Hospital CEO, Ontario COVID-19 advisory team member, spent weeks in Dominican Republic amid pandemic | CBC News

A member of Ontario’s COVID-19 Science Advisory Table has ended a vacation that started in mid-December and included a trip to the Dominican Republic.

The group consists of scientific experts and health system leaders who evaluate and report on emerging evidence relevant to the pandemic, to inform Ontario’s response.

Dr. Tom Stewart, is also the CEO of St. Joseph’s Health System and Niagara Health System.

CBC News has reached out to the Ministry of Health for comment.

Patrick Moore, the senior public affairs specialist at St. Joe’s, told CBC News via email, Dr. Tom Stewart was on approved vacation from Friday, Dec. 18 until Tuesday. 

“I regret this non-essential travel and I’m sorry,” read a quote attributed to Stewart. “Everyone should be avoiding non-essential travel now, including me.”

“As a health system leader, my actions in no way reflect the tireless dedication and commitment of the staff at St. Joseph’s Health System, who continue to live the legacy of our organization every day.”

WATCH | Provincial ministers resign following holiday travel abroad

Provincial ministers resign following holiday travel abroad

Power and Politics


It’s unclear who approved the vacation and why Stewart was allowed to leave the country. It’s also unclear how many of his vacation days were spent in the Dominican Republic and if he has returned to Canada.

Moore said the CEO will isolate at home for two weeks. He’s been CEO since Aug. 1, 2018.

St. Joe’s includes six different member organizations with multiple sites including: St. Joseph’s Healthcare Hamilton, St. Mary’s General Hospital in Kitchener, St. Joseph’s Health Centre in Guelph, St. Joseph’s Home Care, St. Joseph’s Lifecare Centre in Brantford and St. Joseph’s Villa in Dundas.

St. Joseph’s Villa has had a COVID-19 outbreak since Nov. 20. It has seen 55 infections and eight deaths. There was a facility-wide outbreak at the Greater Niagara General Hospital after more than 100 people tested positive for COVID-19. The St. Catharines General site also has an outbreak.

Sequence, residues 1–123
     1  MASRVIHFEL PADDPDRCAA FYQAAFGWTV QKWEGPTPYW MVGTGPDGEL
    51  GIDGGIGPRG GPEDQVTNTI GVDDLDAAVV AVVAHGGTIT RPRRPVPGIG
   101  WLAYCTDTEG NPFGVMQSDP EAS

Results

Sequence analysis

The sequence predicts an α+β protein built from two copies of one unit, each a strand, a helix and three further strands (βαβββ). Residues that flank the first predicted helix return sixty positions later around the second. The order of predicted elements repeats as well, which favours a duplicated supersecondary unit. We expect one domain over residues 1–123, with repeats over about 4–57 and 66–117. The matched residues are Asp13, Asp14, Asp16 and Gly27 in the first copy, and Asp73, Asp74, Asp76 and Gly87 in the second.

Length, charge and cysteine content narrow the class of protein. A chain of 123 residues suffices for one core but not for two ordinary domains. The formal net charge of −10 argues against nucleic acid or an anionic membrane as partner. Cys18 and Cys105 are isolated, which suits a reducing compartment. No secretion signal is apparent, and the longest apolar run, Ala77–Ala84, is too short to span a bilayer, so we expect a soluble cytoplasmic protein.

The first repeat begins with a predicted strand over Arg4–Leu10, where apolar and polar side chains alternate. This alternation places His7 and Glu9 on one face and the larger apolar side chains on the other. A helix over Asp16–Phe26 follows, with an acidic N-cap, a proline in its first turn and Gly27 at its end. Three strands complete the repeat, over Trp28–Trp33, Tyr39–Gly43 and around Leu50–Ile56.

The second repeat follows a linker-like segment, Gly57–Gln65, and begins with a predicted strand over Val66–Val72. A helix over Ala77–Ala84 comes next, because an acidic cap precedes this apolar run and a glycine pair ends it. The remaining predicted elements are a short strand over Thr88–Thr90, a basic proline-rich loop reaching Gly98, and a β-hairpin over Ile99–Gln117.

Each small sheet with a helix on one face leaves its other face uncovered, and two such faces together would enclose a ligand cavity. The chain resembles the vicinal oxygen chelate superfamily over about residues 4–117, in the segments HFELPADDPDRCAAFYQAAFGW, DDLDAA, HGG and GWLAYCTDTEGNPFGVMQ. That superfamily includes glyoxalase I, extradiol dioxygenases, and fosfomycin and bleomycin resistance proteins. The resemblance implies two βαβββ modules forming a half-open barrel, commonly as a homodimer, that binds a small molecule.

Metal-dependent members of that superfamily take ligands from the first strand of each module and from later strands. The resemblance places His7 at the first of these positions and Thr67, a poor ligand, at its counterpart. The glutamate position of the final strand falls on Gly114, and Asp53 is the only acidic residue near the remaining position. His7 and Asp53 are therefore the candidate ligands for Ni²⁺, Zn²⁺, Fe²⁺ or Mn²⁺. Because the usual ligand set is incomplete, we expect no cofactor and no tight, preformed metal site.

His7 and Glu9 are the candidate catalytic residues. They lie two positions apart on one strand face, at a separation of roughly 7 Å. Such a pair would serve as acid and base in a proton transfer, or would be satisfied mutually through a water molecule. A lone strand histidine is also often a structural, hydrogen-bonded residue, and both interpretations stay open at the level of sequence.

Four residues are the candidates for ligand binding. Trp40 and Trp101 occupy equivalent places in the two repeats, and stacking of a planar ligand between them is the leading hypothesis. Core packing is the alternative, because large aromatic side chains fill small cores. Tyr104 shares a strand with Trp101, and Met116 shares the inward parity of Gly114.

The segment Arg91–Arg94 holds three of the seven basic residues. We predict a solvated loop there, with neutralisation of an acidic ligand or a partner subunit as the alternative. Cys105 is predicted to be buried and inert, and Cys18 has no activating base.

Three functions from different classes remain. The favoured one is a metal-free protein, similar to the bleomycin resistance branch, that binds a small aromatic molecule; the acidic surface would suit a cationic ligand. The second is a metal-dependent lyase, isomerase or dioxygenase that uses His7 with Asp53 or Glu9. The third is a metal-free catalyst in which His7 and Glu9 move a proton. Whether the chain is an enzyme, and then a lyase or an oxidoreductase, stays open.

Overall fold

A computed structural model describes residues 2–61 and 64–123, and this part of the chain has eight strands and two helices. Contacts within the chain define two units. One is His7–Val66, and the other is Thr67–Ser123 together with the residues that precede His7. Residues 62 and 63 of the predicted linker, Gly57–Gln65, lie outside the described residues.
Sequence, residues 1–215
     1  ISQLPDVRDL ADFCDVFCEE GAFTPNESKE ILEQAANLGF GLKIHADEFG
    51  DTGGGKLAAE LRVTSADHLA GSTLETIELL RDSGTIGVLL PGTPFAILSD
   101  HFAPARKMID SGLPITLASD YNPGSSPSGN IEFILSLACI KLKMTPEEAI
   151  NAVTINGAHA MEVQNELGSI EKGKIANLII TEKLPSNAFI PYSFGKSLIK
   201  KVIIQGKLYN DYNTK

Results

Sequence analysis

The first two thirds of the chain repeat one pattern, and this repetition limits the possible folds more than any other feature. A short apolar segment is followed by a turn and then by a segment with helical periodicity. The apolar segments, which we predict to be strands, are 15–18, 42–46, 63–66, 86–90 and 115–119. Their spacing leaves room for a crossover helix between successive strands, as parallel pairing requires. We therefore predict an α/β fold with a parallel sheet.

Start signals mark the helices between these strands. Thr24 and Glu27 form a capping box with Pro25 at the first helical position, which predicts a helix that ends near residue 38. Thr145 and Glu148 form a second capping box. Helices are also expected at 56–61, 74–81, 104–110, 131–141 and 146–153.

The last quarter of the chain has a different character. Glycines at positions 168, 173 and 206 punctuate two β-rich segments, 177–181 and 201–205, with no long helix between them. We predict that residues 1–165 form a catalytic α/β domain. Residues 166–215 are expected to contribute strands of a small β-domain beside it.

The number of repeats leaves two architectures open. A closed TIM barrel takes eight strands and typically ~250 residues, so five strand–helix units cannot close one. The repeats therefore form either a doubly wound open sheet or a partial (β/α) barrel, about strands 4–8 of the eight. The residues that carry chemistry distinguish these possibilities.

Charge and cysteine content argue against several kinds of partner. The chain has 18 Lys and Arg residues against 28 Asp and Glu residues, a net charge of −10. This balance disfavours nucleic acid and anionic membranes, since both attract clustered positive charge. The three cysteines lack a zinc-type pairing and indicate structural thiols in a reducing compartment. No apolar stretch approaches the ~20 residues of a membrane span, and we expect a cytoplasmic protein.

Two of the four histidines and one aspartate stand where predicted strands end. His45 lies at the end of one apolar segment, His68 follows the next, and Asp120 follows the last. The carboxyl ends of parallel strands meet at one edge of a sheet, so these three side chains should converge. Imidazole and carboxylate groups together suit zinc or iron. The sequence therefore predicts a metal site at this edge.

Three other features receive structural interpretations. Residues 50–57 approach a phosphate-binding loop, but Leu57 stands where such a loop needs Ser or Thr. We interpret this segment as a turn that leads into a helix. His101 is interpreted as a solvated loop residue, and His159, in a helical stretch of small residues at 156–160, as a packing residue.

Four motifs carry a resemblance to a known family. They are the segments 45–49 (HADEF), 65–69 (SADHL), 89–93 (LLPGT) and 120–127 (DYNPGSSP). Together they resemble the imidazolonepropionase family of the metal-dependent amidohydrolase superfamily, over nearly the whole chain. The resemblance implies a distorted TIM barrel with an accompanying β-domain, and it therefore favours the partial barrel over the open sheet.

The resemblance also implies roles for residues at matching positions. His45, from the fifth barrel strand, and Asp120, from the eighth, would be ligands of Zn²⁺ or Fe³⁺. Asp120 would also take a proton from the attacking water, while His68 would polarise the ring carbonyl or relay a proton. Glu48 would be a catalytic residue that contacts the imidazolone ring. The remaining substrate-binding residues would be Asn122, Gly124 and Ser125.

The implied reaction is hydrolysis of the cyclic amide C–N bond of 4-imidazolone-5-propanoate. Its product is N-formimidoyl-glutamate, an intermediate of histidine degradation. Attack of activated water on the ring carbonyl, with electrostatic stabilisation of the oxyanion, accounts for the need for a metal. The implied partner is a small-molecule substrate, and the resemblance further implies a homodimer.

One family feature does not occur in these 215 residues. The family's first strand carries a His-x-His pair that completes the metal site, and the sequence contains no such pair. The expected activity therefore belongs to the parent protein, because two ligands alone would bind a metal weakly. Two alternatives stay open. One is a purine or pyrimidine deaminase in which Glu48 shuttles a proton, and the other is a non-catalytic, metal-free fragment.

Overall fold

Stewart’s vacation follows a number of politicians, including Hamilton Conservative MP David Sweet, who were vacationing abroad while Ontario entered a province-wide lockdown and as infections and deaths persist during the pandemic. 

News of Stewart’s vacation also comes as Hamilton and Niagara reported a combined 289 new COVID-19 cases on Tuesday.

Unions disappointed by CEO’s tropical vacation

Michael Hurley, president of the Ontario Council of Hospital Unions/CUPE, said he was “disappointed” to hear about the vacation.

“People in a position of leadership need to show leadership,” he said in a phone interview late Tuesday.

“You would hope someone in a senior position in a major hospital system would get that it’s important to not only respect health orders but to be seen to be respecting them because you would think you would have a much more profound understanding of why those orders were in place.”

Morgan Hoffarth, president of Registered Nurses’ Association of Ontario, said Stewart’s choice was “irresponsible.”

“We have been working tirelessly day in and day out. I work at a nursing home in an outbreak, so for front-line health-care workers to be at work every single day and not able to take a day off, and to have leaders that are travelling internationally or abroad for pleasure is not something I think people will respond favourably to,” In a phone call late Tuesday,

Sharleen Stewart, president of SEIU Healthcare, a union which represents more than 60,000 front-line health-care workers in Ontario said “There cannot be one set of rules for hospital CEOs making over half-a-million dollars a year and a different set of rules for frontline workers, like PSWs, who are still waiting for the temporary wage increase promised to them by the Premier last October.” 

None of the union leaders called for Stewart’s resignation.

“I think that’s something he needs to reflect on … I’m not a big fan of making an example out of people who fail,” Hurley said.

“This is an example of a significant portion of Ontario society that still doesn’t get we’re in a terrible pandemic and can’t be travelling as we always did much as we would like to.”

This content was originally published here.

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